(Summary of the FDA evaluation of the efficacy and safety of brincidofovir in support of its approval as therapy of smallpox, which was based upon the Animal Rule that requires proof of efficacy in at least 2 appropriate animal models and safety analyses in healthy volunteers or patients with other viral infections; mentions that in pooled analyses on 392 patients who were treated with brincidofovir in the dose recommended for smallpox, elevations in ALT, AST and bilirubin were observed but there were no severe hepatic adverse events or instances of clinically apparent liver injury).
  • Perruccio K, Menconi M, Galaverna F, Pagliara D, Carraro F, Fagioli F, Calore E, et al. AIEOP Infectious Disease and Stem Cell Transplantation Working Parties. Safety and efficacy of brincidofovir for adenovirus infection in children receiving allogeneic stem cell transplantation: an AIEOP retrospective analyses. Bone Marrow Transplant. 2021;56:3104–3107. [PubMed: 34608274]
    (Among 30 Italian children undergoing HSCT who developed 44 episodes of adenovirus infection between 2012 and 2019, 23 received cidofovir and 21 brincidofovir which demonstrated superior viral suppression and response rates with lesser toxicity and shorter courses of treatment; no mention of ALT elevations or hepatotoxicity).
  • Rao AK, Schulte J, Chen TH, Hughes CM, Davidson W, Neff JM, Markarian M, et al. July 2021 Monkeypox Response Team. Monkeypox in a traveler returning from Nigeria – Dallas, Texas, July 2021. MMWR Morb Mortal Wkly Rep. 2022;71:509–516. [PMC free article: PMC8989376] [PubMed: 35389974]
    (Case report of a middle aged man who developed fever, fatigue, cough and rash during travel in Nigeria and who presented with an extensive pustula rash 4 days after return to the United States where a West African clade of mpox virus was identified from a swab of a lesion, this being the first imported case of mpox virus infection in the US; follow up found no secondary cases in contacts).
  • Adler H, Gould S, Hine P, Snell LB, Wong W, Houlihan CF, Osborne JC, et al. NHS England High Consequence Infectious Diseases (Airborne) Network. Clinical features and management of human monkeypox: a retrospective observational study in the UK. Lancet Infect Dis. 2022;22:1153–1162. [PMC free article: PMC9300470] [PubMed: 35623380]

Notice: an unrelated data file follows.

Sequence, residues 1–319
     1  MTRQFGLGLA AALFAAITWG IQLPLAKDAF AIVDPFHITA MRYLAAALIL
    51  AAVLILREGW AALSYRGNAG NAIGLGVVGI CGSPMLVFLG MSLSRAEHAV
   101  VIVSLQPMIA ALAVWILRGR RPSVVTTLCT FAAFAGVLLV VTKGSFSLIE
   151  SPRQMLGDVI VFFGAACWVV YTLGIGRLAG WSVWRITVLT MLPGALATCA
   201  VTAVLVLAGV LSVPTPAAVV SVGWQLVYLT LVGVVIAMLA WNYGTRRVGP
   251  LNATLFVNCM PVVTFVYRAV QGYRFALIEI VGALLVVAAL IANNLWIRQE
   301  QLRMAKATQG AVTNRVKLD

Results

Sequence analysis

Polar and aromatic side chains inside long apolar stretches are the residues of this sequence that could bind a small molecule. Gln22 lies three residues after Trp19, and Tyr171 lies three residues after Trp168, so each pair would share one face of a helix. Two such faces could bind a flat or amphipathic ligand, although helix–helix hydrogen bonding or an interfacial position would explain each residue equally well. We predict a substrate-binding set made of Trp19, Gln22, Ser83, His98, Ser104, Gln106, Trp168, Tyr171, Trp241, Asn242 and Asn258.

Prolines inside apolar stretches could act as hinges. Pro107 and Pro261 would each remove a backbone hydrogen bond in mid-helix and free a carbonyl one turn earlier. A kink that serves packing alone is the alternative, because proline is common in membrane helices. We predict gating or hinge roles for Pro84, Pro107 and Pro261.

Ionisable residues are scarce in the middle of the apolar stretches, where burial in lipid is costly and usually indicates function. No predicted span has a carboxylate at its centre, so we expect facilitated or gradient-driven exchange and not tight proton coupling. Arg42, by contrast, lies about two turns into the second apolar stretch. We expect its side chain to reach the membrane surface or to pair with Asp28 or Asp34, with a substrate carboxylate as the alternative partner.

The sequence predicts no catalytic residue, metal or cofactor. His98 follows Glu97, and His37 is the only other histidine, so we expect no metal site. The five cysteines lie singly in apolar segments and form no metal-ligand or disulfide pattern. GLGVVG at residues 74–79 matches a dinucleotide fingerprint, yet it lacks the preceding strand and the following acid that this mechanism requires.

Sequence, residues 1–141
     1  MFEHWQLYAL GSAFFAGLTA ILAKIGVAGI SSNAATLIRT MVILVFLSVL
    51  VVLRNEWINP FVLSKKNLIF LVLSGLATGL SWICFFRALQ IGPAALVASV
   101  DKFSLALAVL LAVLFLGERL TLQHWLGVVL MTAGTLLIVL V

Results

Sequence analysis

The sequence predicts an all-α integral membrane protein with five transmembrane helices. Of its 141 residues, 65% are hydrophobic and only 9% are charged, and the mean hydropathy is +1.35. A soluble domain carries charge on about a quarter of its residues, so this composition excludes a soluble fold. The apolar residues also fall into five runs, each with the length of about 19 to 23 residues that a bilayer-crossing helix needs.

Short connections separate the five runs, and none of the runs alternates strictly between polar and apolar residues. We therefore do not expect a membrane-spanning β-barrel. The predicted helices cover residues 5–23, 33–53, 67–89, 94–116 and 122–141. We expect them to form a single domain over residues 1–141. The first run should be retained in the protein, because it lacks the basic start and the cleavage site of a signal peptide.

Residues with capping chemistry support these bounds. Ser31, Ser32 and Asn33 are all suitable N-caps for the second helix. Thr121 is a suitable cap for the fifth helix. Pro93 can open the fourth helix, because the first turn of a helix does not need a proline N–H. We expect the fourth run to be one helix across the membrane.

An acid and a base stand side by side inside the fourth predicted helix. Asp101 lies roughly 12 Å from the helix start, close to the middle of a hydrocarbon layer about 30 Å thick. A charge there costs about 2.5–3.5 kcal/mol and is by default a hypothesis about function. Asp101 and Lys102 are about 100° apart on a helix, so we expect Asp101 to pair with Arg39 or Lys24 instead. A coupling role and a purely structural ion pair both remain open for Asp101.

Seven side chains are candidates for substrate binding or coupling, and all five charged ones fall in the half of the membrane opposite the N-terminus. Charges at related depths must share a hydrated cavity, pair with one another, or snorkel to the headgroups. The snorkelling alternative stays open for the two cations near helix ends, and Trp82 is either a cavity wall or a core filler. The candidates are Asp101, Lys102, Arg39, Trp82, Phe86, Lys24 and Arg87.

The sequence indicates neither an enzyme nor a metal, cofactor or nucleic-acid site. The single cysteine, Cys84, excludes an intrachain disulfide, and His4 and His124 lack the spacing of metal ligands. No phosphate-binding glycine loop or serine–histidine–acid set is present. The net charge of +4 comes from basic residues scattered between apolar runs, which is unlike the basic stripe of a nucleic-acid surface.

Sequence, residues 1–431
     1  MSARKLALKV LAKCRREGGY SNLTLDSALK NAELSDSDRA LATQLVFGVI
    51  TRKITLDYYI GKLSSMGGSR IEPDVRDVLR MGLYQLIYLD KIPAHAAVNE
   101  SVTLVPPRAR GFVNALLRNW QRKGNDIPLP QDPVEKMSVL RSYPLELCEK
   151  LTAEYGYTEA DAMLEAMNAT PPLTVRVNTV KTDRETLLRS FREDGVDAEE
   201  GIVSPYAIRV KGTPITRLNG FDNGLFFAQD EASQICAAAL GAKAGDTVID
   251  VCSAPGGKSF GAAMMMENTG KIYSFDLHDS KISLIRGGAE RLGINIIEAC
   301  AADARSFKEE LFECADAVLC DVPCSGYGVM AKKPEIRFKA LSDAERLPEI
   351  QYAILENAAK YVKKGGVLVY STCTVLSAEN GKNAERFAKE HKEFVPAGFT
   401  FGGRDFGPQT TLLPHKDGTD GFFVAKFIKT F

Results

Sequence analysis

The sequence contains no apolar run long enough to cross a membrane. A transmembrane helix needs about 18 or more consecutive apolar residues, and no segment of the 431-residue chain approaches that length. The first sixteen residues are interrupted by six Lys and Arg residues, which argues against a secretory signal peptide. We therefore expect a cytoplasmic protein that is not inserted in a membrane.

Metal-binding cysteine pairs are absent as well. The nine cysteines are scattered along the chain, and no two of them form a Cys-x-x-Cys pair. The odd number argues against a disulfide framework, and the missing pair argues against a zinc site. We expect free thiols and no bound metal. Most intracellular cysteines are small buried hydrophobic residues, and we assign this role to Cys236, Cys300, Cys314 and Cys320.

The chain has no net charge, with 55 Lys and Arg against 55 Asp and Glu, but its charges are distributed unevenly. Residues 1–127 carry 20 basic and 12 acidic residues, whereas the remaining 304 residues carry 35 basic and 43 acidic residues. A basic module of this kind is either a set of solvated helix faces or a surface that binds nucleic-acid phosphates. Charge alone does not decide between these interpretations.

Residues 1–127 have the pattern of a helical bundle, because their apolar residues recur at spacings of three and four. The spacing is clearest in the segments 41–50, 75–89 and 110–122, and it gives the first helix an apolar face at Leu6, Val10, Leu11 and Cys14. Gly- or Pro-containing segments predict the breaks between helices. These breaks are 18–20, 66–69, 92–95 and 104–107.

(Among 7 patients diagnosed with mpox virus in the UK between 2018 and 2021, 3 were treated with brincidofovir [200 mg given as 3 weekly doses], all of whom developed ALT elevations [331, 550 and 127 U/L, without jaundice] and did not complete therapy, while 1 patient received tecovirimat [600 mg twice daily for 2 weeks], with rapid resolution of rash and clearance of virus; all patients ultimately recovered).
  • O'Shea J, Filardo TD, Morris SB, Weiser J, Petersen B, Brooks JT. Interim guidance for prevention and treatment of monkeypox in persons with HIV infection – United States, August 2022. MMWR Morb Mortal Wkly Rep. 2022;71:1023–1028. [PMC free article: PMC9400540] [PubMed: 35951495]
    (Guidance for prevention and treatment of mpox infections in persons with HIV infection from the Centers for Disease Control and Prevention [CDC] in response to the multinational outbreak of mpox virus infections in May 2022; discussion of brincidofovir does not include mention of ALT elevations or hepatotoxicity).
  • Rizk JG, Lippi G, Henry BM, Forthal DN, Rizk Y. Prevention and treatment of monkeypox. Drugs. 2022;82:957–963. [PMC free article: PMC9244487] [PubMed: 35763248]
    (Review of the prevention and treatment of mpox virus infection mentions 2 live virus vaccines against smallpox [JYNNEOS and ACAM2000] that are approximately 85% effective against mpox; and discusses 4 antiviral agents [tecovirimat, cidofovir, brincidofovir, and vaccinia immune globulin] which are not formally approved for use in mpox but can be obtained under an expanded access IND program; mentions that brincidofovir can cause serum aminotransferase and bilirubin elevations).
  • Siegrist EA, Sassine J. Antivirals with activity against monkeypox: a clinically oriented review. Clin Infect Dis. 2022 Jul 29:ciac622. Epub ahead of print. [PMC free article: PMC9825831] [PubMed: 35904001]
    (Review of the efficacy and safety of three drugs with activity against mpox virus infection that are available in the US: cidofovir, brincidofovir and tecovirimat, mentions that brincidofovir has been associated with transient elevations in serum aminotransferase and bilirubin levels).
  • See KC. Vaccination for monkeypox virus infection in humans: a review of key considerations. Vaccines (Basel). 2022;10:1342. [PMC free article: PMC9413102] [PubMed: 36016230]
    (Review of the clinical features, epidemiology, prevention and treatment of mpox virus infection discusses tecovirimat, brincidofovir and vaccinia immunoglobulin; mentions that brincidofovir therapy is associated with ALT elevations and has the potential for carcinogenesis, while not mentioning adverse events attributed to tecovirimat or vaccinia immunoglobulin).
  • Prevention and treatment of monkeypox. Med Lett Drugs Ther. 2022;64(1658):137–139. [PubMed: 36094551]
    (Concise review on the global outbreak of mpox disease in 2022 that was associated with human-to-human transmission, most frequently in men who have sex with men, and a summary of prevention [vaccination with ACAM2000 or Jynneos, which are live vaccinia virus vaccines approved for prevention of smallpox], and treatment [two agents that are approved as therapy of smallpox which are available under an expanded access protocol for mpox]).